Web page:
The Minnesota Supreme Court has agreed to hear PolyMet Mining Inc.'s appeal of a ruling that canceled three permits needed for its proposed copper-nickel mine in northeastern Minnesota.
In January, the Minnesota Court of Appeals gave environmentalists a major victory by rejecting some of the most important permits for the planned mine.
The appeals court sent the dispute back to the Department of Natural Resources for a trial-like contested case hearing before a neutral administrative law judge on the project's environmental risks.
PolyMet pointed out that the DNR has already held a 15-year-long environmental review and permitting process that included numerous chances for the public to weigh in.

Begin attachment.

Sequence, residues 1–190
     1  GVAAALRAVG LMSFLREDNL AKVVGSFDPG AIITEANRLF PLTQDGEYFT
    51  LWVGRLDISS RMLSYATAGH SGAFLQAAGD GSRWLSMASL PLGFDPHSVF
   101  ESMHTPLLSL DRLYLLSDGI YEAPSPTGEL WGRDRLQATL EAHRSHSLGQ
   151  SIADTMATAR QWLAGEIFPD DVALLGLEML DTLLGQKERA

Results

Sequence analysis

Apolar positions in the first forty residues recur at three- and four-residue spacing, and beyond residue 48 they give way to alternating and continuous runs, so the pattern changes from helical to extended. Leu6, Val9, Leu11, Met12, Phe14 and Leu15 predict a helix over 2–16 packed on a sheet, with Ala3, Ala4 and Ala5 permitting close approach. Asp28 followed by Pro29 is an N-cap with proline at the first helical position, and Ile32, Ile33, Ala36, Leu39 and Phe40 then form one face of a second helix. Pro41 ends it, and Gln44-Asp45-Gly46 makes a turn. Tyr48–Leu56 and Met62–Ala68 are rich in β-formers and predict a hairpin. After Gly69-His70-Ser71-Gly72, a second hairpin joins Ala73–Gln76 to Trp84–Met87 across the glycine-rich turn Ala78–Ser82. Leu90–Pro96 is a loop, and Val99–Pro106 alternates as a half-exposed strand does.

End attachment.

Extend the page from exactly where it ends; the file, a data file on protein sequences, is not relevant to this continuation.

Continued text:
Environmental groups said Wednesday they will defend the appeals court decision.
The Minnesota Center for Environmental Advocacy says the appeal court properly concluded that the risks of PolyMet’s proposal “are too important not to be fully evaluated by an independent judge.”
Paula Maccabee, an attorney for WaterLegacy, another group that challenged the permits, says the appeals court ruling was “sound, well-reasoned, and compelling.” Maccabee says Minnesotans “deserve a contested-case hearing process."
At issue were PolyMet’s permit to mine and its two dam safety permits. The Fond du Lac Band of Lake Superior Chippewa also is challenging the project.
The Supreme Court order did not set a time for oral arguments.
Your support matters.
You make MPR News possible. Individual donations are behind the clarity in coverage from our reporters across the state, stories that connect us, and conversations that provide perspectives. Help ensure MPR remains a resource that brings Minnesotans together.